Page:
Roaming with WPA3-SAE – Part 2

Part 1 of my “Roaming with WPA3-SAE” blog showed the roaming process in a centralized environment without any Fast Roaming mechanisms enabled.

In this second part I’ll look into the roaming process with “Fast BSS Transition (802.11r)” enabled in a centralized environment.

TLDR: From the moment the client and the controller derived the PMK-R0 from the SAE exchange, there is no difference to Fast Transition with 802.1X.

First we recapitulate what kind of keys are generated/used when FT is implemented in WPA2-Enterprise (802.1X) and which main elements are exchanged in the 4-Way Handshake.

The Keys in Fast BSS Transition

  1. The client/supplicant authenticates through the Authenticator to the Authentication Server with the EAP. The Authenticator is the Controller, the Authentication Server is the RADIUS server. Both the Authentication Server and the Supplicant derive the Master Session Key (MSK) from the EAP process.
  2. The Authentication Server sends the Master Session Key (MSK) to the Authenticator in the RADIUS Access-Accept message.
  3. The Controller/Authenticator derives the PMK-R0 from the MSK and becomes the PMK-R0 Holder.
  4. After the client derived the MSK, it derives the PMK-R0 from the MSK and also becomes the PMK-R0 Holder. In addition, the PMK-R1AP1 is derived from the PMK-R0 and the client also becomes the PMK-R1 Holder for the session with AP1.
  5. PMK-R1 for AP1 is derived from PMK-R0, AP1 becomes the PMK-R1AP1 Holder.
  6. Both AP1 and the Supplicant use PMK-R1 for the 4-Way Handshake
  7. The PMK-R1AP2 can be derived and AP2 becomes the PMK-R1AP2 Holder.
  8. When the client decides to roam to AP2, it derives PMK-R1AP2 from PMK-R0 and uses this for the 4-Way Handshake with AP2.

With FT-SAE in WPA3, a similar key hierarchie is used. Only the PMK-R0 is not derived from a AAA-MSK, instead it is derived from the initial SAE handshake.

The Elements in the 4-Way Handshake

  1. The Authenticator sends the ANonce
  2. The Supplicant sends the SNonce and a MIC
  3. The Authenticator sends a MIC and the encrypted GTK
  4. The supplicant sends a MIC

The Lab setup

The components und roaming process in this Lab-setup is the same as in Part 1. Important to notice is that only FT-SAE was enabled, no transition mode:

The first connection


The first connection is quite similar to the first connection without FT.

  1. The Authentication with the SAE Handshake is done, this is the base for the PMK.
  2. The Association Request includes the RSNIE wih an AKM value of 9, “FT using SAE (SHA256)”. In addition a PMKID and the Mobility Domain IE is included in the Association Request.
  3. The Association Response also includes the Mobility Domain IE. The Fast BSS Transition IE includes the PMKR0- and PMKR1-KeyHolder IDs. The MIC, ANonce and SNonce in the MIC Control Field are set to “0”.
  4. The 4-Way key exchange is done and the keys are installed.

Windows 11

Windows 11 showed a very strange behaviour. Not only it didn’t connect to the SSID, these are the exchanged packets that I really didn’t expect:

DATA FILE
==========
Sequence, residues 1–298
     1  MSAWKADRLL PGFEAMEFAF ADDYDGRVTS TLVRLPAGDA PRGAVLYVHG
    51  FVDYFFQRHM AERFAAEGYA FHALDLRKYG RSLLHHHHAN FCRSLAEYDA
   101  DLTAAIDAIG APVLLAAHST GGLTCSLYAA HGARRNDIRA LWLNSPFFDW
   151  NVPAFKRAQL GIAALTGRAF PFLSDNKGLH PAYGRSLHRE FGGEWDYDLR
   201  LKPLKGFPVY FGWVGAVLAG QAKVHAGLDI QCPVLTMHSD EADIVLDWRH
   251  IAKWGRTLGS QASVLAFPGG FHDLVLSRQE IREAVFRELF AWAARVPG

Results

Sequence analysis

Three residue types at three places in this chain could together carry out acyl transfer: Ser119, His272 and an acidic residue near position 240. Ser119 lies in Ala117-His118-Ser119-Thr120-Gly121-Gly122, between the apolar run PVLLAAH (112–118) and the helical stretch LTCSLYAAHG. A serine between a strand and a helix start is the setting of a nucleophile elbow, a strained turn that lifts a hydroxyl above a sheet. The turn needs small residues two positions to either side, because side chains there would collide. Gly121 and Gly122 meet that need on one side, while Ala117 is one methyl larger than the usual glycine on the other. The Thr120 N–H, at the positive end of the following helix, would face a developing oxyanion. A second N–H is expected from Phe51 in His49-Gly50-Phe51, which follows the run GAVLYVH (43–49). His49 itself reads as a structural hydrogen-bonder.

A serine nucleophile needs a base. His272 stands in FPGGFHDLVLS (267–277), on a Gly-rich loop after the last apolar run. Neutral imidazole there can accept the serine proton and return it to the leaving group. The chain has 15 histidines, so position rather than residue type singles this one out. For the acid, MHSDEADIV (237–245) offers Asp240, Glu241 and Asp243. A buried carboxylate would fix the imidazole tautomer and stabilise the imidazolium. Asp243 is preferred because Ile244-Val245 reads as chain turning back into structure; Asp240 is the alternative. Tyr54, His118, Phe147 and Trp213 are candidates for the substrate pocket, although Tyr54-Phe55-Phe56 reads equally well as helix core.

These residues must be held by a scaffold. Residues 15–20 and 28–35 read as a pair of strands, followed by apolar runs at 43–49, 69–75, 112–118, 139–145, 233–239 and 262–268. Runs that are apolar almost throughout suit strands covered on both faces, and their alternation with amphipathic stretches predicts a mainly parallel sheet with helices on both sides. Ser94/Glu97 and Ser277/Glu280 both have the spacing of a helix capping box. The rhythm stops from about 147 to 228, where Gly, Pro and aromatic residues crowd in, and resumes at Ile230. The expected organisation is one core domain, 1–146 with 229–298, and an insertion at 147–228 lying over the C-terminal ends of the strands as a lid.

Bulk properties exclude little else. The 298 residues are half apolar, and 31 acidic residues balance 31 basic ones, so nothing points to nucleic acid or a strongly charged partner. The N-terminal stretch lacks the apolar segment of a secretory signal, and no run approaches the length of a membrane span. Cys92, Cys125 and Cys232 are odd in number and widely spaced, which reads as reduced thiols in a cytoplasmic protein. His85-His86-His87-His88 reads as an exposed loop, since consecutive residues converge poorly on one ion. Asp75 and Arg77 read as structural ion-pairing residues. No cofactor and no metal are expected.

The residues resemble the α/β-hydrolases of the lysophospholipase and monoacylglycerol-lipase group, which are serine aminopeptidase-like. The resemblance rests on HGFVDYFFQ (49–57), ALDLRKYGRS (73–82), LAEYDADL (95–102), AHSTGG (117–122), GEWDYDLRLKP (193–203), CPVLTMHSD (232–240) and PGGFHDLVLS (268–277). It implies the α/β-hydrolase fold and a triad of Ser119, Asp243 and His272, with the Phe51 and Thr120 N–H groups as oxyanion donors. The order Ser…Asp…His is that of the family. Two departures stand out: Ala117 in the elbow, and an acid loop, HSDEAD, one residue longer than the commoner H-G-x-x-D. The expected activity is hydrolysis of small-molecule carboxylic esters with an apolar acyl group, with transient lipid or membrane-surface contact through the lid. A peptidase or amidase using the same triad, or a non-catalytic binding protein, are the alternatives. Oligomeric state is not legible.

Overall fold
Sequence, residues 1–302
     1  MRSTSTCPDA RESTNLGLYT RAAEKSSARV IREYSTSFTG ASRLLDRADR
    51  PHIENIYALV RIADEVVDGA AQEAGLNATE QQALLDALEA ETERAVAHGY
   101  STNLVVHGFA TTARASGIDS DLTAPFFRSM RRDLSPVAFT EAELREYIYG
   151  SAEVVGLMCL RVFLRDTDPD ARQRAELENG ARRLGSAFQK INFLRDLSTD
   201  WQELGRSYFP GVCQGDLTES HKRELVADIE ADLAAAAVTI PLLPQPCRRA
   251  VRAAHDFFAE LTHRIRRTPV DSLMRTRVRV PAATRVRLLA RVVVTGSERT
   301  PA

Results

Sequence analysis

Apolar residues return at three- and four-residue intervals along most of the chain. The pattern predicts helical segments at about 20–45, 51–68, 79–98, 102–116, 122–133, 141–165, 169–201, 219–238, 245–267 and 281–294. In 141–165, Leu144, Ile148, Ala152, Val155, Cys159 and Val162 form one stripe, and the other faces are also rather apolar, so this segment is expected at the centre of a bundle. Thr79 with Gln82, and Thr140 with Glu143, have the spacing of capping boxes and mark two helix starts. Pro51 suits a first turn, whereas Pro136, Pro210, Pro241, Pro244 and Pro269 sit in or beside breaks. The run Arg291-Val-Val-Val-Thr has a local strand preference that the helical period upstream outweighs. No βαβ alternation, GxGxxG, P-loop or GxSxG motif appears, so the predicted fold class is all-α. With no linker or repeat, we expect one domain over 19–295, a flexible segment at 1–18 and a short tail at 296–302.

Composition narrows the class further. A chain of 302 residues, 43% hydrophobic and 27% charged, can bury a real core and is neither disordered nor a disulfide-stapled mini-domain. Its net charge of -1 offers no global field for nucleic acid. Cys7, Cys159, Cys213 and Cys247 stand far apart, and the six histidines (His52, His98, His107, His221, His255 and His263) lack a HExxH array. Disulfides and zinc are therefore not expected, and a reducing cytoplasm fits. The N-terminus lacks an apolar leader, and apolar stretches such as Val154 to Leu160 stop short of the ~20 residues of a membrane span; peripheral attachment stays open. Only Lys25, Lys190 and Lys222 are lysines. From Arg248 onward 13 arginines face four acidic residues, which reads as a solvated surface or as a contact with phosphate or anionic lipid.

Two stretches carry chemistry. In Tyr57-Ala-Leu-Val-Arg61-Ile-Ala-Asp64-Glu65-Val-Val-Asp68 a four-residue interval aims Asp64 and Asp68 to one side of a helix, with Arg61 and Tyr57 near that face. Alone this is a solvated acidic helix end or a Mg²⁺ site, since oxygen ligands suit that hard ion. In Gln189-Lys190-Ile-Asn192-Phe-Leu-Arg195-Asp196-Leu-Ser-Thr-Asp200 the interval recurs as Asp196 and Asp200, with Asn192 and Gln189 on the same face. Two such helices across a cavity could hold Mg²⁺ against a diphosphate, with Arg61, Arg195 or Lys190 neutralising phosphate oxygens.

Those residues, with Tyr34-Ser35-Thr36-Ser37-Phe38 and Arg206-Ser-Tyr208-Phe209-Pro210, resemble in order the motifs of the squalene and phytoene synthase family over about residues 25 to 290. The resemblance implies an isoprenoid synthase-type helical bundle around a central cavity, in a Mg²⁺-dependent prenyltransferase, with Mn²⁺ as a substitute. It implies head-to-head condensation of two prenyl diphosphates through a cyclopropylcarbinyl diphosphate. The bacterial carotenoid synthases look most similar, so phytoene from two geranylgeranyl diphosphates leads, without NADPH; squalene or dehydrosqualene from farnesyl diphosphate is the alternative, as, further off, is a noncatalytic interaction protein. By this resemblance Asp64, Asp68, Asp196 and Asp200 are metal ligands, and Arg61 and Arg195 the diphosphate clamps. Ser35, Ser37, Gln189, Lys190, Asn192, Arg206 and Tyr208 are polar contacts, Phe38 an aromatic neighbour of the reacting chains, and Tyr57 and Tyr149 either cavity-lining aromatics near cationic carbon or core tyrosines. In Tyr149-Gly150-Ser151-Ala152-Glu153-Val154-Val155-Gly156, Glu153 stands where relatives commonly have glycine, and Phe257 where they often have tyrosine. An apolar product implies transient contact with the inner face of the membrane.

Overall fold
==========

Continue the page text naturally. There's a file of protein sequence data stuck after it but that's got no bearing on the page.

1. It started with an open Authentication.
  2. Neither the Association Request nor the Association Response included an RSNIE.
  3. The Client sends an EAPoL Start message
  4. The AP answers with Key-Exchange Message 1

After this, it got even more confusing:

  1. Another open Authentication is done.
  2. But this time the client sends a Reassociation Request and receives a Reassociation Response. Both don’t include an RSNIE.
  3. Again, the Client sends an EAPoL Start messages, the AP sends Key-Exchange 1 messages.

Yes, this needs some more investigation.

The first roam


The first roam shows the effectiveness of Fast BSS Transitioning, same as FT with 802.1X. We’ll see two Authentication-frames and two Reassociation-frames. These four frames include the complete 4-Way Handshake:

  1. The Client starts with a Fast BSS Transition Authentication. This frame also includes the first key exchange. But with the supplicant starting the process, not the ANonce is sent, the Fast BSS Transition IE includes the SNonce. In addition to that the PMKID and the PMK-R0 key holder ID is sent.
  2. The AP sends a Fast BSS Transition Authentication. The Fast BSS Transition IE includes both the SNonce and the APs ANonce. A MIC is not yet included. But the AP includes the two key holder IDs for PMK-R0 and PMK-R1 in addition to the PMKID.
  3. Now the Client sends its Reassociation Request. In this frame the client sends its MIC to the AP.
  4. The AP sends its Reassociation Response which includes the encrypted GTK and the AP’s MIC

This roam took exactly 11ms with Android and 7ms with iOS.

Windows 11

Well, Windows 11 didn’t connect. With that, there is also no roam.

Any more Problems with FT-SAE?

Based on feedback on Twitter, iOS 16 still has a problem with roaming after being connected for some time:

2 Replies to “Roaming with WPA3-SAE – Part 2”

  1. Nice post, on part 2 you “forgot” to share the roaming times so we can clearly compare with part 1 how effective the FT process was

    Thank you for taking your time for this

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